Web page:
Friday, March 25, 2011

Something's Missing-- And I Think it's My Sanity

Okay, I have one child who seems a little, uh, SCATTERED lately. No spelling lists come home, so the child wings it on tests; the science project materials lean in a corner untouched even though the science fair looms. Looms!

A White Fang test tomorrow? Too bad White Fang is drooling or baying at the moon or doing whatever in the classroom at school but is not in our home for studying purposes.

Tom and I are handling this differently. He gets angry and all neck-bulgy when the kids says, "Don't worry, everything's going to be fine. I've got it covered." The kid, in turn, responds to the anger or attempt at control by clamming up and refusing to tell Tom what tests and projects are coming up.

I vacillate between sitting back and wanting the kid to have natural consequences (biting my tongue when the "F" on the Latin test comes back-- hey isn't this the same kid who got that nifty national Latin award last year?) and trying to help to the point of having to physically restrain myself from doing the kid's work for him. "Here, let's sit at the computer together! It'll be fun! You type one word, I'll type the next!" The kid responds to me by thinking it's okay to blow off work, because Mom will just find his supplies, give him a pep talk, and bail him out at the last minute anyway.

Oh, did I just say "him?" Fine, so it's obvious which kid I'm talking about. And in the time it took for the kid and his dad to discuss the finer points of remembering one's damn novel so one does not flunk out of 6th grade, his little sister had gone to the computer, googled "White Fang," and downloaded an audio version for our listening pleasure. Resourceful AND enabling! The seeds are planted so young these days!

While I am slightly reluctant to say this scatterbrained behavior could possibly be gender related, I will mention that I'm the only one in the house who is able to keep us in toilet paper or find the nail clippers.

Thank you.

BTW, I'm reading a book called Let's Talk Teens: 10 Questions to Connect Parents, Teens and God by Diane Overgard and Janice Rubin and it ROCKS! I fully expect to implement all of its great advice when I finish reading it, and after I drop off something my son forgot at school. Kidding. I think.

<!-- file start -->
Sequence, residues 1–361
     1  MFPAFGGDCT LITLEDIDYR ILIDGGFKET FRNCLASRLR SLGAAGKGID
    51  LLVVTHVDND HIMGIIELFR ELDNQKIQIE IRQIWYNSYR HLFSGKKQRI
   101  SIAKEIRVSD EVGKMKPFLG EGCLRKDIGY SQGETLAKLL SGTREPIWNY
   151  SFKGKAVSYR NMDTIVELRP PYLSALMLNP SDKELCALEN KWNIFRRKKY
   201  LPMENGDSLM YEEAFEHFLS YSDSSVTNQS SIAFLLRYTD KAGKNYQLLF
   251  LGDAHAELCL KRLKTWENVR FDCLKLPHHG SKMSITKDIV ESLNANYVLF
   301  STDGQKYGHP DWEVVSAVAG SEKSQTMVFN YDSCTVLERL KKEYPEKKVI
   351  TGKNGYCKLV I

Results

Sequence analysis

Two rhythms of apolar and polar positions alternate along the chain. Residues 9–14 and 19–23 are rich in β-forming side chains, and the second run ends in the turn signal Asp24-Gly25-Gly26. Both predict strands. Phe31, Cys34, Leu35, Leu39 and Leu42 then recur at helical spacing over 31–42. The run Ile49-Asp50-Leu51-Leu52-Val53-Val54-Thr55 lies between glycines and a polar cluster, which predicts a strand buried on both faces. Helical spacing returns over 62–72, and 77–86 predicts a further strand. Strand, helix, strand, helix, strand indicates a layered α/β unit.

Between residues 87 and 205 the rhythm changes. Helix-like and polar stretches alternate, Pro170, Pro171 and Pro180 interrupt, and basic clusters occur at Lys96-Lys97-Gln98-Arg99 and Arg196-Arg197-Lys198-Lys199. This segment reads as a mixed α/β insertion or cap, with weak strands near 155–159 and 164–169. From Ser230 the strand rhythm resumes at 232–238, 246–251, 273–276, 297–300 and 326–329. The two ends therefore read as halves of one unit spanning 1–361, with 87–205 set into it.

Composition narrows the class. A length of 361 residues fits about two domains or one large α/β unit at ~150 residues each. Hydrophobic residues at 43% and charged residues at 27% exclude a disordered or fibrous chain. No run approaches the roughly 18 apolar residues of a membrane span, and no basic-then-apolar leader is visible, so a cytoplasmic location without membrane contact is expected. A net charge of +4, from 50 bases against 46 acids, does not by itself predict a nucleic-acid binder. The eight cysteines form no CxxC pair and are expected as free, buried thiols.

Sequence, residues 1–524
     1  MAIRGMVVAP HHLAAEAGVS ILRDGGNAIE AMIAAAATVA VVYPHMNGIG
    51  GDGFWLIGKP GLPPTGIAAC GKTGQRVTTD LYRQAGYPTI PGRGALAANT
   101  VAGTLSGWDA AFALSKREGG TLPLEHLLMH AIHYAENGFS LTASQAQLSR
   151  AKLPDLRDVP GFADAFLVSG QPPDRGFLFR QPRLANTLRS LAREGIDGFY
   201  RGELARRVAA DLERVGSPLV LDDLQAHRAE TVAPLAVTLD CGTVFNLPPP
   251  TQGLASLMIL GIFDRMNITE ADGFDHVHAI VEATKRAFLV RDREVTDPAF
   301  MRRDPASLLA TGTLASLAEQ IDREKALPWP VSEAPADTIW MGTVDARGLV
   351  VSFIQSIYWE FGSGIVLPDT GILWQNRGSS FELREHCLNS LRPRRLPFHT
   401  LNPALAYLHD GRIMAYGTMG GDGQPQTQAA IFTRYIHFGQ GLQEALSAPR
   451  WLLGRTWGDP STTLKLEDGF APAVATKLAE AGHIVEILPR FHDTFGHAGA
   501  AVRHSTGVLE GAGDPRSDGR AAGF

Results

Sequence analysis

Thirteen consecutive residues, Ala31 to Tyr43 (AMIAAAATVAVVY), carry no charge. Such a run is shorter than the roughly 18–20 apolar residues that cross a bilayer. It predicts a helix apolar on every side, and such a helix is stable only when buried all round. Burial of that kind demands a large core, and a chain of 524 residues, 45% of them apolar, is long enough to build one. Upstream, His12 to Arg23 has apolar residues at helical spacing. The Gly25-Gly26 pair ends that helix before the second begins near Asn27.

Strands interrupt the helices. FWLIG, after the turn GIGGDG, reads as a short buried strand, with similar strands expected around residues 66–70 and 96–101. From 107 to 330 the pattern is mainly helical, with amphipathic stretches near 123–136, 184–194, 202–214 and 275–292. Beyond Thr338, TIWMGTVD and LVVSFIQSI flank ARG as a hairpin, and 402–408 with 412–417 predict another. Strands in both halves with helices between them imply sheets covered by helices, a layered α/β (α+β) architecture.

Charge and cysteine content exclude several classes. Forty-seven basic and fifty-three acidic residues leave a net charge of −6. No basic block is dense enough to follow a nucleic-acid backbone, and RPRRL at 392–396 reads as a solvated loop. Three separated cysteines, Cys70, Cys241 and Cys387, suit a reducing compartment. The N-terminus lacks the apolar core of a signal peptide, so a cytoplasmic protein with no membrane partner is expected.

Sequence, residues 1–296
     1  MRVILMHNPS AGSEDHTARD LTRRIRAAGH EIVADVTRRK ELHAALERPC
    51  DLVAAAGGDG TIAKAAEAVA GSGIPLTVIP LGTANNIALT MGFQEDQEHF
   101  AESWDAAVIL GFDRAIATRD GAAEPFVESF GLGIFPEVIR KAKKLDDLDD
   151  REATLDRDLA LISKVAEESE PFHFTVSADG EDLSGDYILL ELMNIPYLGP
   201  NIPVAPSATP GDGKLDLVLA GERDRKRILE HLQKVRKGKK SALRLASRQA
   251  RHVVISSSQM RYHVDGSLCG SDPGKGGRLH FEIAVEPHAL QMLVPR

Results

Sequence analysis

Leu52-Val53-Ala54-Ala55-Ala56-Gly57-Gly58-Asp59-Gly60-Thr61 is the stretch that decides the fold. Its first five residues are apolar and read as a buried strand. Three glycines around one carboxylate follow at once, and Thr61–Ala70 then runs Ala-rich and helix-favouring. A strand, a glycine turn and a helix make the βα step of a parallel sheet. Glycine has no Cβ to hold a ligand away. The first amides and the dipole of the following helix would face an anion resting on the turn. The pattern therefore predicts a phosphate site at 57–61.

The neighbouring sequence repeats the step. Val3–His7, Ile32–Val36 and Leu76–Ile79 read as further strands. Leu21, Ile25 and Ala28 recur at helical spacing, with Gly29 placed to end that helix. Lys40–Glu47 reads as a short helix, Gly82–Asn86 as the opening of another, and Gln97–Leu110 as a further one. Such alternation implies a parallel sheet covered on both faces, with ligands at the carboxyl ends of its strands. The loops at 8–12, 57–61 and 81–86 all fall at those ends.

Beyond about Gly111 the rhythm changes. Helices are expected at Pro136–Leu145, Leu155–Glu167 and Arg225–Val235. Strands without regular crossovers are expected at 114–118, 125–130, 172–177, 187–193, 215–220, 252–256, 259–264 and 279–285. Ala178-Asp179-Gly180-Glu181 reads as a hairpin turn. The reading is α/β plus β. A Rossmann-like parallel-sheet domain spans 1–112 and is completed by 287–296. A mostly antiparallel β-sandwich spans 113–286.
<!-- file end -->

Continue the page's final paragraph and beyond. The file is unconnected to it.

17 comments:

Kristina P. said...

I say take the natural consequences route.

katie t said...

idk. this is a hard one. though i don't have teens yet, my 2nd grader is infamous for this and it makes me irate (in my head irate). if i freak out on her, then she too shuts down.

when they get older is what i'm worried about. my parents let the natural consequences take over and YES i did learn but not until after i graduated from college, after just getting by. i wished SO HARD that i had understood how important high school really is when it comes to good "patterns". i know that hind site is 20/20 but i wish that my parents had gotten after me a bit more.

i had a 4.0 going into my jr year but i had friends who were not good influences and so the intelligent katie just thought "to hell with it. this is a lot more fun" booooo!!!! i think kids live in the moment because they're ignorant.

anyway, good luck with this one! LOL?!? ;) xxxxx

Christy said...

Man, this sounds hard. I can't imagine having to deal with this in just a few short years.

Sounds like that book is helpful though.

AND - you guys rock as parents. Seriously. And they're great kids, so it will all work out...eventually!

aliciamarie911 said...

My parents are going through the same thing right now with my little sister. My little sister was just accepted into the Beta Club yet she refuses to bring her homework home and do it! They "grounded" her, but nothing seems to work. Hopefully your kids will spare you soon and allow you to regain your sanity!

Anonymous said...

Tricky! I don't know. This is one of those fine balance situations. You want them to do well, have good study habits, but also be able to learn from their mistakes. I think that if kids allowed to "fail", in order to learn a lesson, there should definitely be follow-up discussion about the consequences on them, on others, and then be there for them to provide support and structure, however loose or firm, for the next time.